To those who didn't already know about the great African leader, Sankara, Ricky Dujany’s play comes as a fascinating eye-opener. The leader of Burkina Faso (1983 - 1987) was an inspiration to millions and incredibly progressive for his period, being the first African leader to favour women’s rights and among the first ones to appoint women in important positions in the Cabinet.

The acting was spectacular and the setting simple, just a low stage with sand on the floor. All major speeches in the play were transcribed from Sankara's actual speeches and it was thrilling to watch the major decisions take place right in front of your eyes as the characters develop. The acting really made you feel like you were part of the Burkinabè (the population), they rallied for our support and interacted with the audience. The character of Sankara in particular was played exceptionally, truly transporting you into the inner thoughts and feelings of this leader.

The wife of Blaise, Sankaras best friend, Chantal is difficult to understand at first. We ask why she stayed so long, considering she came from a wealthy background, to go to a place where there wasn’t plenty and settle with her husband must have been difficult for her. But she soon develops a Lady Macbeth like steeliness and we begin to see a fight back and a pushback to some of the more ridiculous laws Sankara imposed.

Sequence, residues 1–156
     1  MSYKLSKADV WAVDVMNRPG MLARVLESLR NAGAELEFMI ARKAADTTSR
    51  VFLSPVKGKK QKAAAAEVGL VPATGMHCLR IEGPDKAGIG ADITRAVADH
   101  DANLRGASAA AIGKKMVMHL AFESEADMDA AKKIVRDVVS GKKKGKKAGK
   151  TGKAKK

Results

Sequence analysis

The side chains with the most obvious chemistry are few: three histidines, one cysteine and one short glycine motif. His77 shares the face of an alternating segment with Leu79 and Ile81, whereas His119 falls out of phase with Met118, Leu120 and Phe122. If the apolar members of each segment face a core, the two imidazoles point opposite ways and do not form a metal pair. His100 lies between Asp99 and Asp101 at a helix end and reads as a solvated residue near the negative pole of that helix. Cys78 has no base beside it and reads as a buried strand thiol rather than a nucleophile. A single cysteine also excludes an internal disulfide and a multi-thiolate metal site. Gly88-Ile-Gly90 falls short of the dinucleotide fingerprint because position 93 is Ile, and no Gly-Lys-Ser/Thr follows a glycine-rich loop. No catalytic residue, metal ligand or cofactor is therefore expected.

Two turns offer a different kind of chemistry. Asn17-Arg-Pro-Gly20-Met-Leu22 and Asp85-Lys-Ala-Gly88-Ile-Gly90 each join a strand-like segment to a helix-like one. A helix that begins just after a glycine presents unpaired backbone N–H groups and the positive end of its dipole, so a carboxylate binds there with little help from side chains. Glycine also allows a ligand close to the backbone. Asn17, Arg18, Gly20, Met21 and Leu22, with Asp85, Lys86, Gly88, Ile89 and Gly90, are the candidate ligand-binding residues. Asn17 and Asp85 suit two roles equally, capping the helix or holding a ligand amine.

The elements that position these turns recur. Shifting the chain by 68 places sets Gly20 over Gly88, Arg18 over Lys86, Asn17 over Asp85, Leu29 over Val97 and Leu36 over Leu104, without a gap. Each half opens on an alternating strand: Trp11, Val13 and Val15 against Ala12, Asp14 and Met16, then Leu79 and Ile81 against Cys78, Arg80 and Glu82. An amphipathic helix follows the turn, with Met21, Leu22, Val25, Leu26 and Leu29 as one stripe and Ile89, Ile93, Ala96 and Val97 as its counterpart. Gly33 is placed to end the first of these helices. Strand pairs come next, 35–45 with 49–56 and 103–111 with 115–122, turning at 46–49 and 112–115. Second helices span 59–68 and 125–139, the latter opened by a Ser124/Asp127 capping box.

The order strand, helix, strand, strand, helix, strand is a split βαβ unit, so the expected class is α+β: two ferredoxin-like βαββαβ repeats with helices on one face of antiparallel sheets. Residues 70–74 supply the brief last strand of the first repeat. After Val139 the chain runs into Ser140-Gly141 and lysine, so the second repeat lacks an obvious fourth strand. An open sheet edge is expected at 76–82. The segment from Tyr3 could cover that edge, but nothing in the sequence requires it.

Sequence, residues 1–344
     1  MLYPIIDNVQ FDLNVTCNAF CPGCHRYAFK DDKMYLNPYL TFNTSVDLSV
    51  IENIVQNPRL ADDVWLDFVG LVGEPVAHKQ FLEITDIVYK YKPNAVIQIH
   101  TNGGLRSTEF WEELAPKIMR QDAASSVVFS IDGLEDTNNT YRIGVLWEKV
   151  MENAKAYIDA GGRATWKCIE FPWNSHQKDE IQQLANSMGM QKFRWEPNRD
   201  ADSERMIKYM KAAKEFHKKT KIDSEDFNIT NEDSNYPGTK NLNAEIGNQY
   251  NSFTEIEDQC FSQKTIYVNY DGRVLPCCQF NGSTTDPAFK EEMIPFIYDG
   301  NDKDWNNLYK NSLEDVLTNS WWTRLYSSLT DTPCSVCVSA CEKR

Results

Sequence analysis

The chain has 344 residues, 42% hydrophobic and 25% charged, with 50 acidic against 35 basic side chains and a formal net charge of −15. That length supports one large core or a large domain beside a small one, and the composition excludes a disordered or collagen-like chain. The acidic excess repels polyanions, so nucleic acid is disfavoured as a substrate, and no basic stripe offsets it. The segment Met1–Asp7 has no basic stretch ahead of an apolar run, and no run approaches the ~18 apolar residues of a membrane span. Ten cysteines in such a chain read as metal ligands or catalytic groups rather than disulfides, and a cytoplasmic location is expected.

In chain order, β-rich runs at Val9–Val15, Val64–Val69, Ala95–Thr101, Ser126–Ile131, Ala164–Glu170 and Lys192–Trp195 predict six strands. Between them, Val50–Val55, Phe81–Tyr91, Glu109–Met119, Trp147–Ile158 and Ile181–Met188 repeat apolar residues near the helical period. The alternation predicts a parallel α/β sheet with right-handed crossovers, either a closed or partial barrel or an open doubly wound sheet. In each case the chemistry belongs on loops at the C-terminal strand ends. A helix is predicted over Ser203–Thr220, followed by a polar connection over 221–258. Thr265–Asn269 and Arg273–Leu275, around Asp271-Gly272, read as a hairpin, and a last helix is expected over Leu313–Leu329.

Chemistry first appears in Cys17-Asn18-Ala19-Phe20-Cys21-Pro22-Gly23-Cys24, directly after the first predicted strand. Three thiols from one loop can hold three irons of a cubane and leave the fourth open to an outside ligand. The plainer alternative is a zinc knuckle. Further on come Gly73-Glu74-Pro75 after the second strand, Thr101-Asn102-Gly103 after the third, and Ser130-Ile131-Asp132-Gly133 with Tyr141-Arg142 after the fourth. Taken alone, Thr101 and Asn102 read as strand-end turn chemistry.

The live music, performed above sections of the round stage added another powerful element to the drama. Composed by Levi Roots, the background drums gave the play significant added effect. In addition to the live music, projectors showed cut scenes of what actually happened at that time, really adding to the historical understanding of the drama.

In the end, the most powerful message we are left with is that the democratic and popular revolution needs a convinced people, not a conquered people, not a people simply enduring their fate.